I was thinking the same thing -- this is what RF digital comms engineers have done for many decades. The cleverness of their technique appears to be the generation of a perfect "picket fence" of rectangular spectra in the frequency domain -- which inherently results in raised cosine pulses in the time domain. I have to agree with the comment from the researcher, that it's hard to believe nobody thought of this before.
If I read this correctly, the idea of shaping the optical symbols to cram as many symbols/sec as possible is what RF engineers have done for a long time. Using smooth shapes, a typical example being the "raised cosine curve," you can reduce the bandwidth of the medium, for any given data carrying capacity.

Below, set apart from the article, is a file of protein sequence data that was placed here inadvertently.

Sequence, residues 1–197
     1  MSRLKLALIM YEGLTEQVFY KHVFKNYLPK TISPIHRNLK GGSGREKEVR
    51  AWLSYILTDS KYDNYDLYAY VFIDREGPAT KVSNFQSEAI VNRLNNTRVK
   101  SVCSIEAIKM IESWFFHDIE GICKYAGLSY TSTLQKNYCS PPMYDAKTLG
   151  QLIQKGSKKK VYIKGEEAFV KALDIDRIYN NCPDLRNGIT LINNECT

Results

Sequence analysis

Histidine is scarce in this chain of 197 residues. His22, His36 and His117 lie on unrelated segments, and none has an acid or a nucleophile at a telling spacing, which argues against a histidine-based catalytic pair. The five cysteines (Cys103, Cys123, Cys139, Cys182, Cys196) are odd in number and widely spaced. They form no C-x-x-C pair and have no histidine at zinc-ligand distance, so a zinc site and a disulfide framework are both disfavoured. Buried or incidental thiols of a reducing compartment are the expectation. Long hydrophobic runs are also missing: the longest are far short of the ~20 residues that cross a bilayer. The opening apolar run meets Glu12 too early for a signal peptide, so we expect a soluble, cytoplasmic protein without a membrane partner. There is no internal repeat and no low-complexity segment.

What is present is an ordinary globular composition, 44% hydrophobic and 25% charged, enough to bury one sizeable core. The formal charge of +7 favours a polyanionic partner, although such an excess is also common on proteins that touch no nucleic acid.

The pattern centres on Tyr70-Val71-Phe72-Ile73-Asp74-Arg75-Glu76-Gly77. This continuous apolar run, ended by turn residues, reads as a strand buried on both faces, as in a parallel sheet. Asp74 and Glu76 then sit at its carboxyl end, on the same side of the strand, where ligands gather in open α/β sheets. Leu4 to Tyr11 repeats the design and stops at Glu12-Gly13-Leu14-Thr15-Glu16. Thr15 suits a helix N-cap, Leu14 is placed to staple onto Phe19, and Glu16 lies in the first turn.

Increasing bandwidth with a transmitter change will be great for the industry. Not having to replace the optical medium could be an easy upgrade path for existing deployments. Thanks for the work and learning.
NASA's Orion Flight Software Production Systems Manager Darrel G. Raines joins Planet Analog Editor Steve Taranovich and Embedded.com Editor Max Maxfield to talk about embedded flight software used in Orion Spacecraft, part of NASA's Mars mission. Live radio show and live chat. Get your questions ready.
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